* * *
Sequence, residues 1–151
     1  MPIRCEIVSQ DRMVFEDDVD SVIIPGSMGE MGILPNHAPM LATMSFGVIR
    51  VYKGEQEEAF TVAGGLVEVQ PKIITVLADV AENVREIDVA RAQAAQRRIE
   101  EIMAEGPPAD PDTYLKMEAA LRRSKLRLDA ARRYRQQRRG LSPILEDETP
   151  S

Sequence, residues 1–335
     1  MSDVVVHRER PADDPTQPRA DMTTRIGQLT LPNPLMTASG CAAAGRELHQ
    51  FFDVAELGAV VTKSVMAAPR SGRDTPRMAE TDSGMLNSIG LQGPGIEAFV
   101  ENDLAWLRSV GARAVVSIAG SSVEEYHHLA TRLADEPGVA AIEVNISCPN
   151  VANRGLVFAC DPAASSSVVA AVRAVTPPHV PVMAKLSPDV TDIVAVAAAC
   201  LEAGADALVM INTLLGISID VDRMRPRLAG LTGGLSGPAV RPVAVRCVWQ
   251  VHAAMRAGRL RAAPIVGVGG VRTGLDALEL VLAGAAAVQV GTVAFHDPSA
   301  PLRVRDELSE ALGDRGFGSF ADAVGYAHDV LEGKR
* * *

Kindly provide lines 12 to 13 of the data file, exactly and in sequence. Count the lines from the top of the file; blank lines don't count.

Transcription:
   251  VHAAMRAGRL RAAPIVGVGG VRTGLDALEL VLAGAAAVQV GTVAFHDPSA
   301  PLRVRDELSE ALGDRGFGSF ADAVGYAHDV LEGKR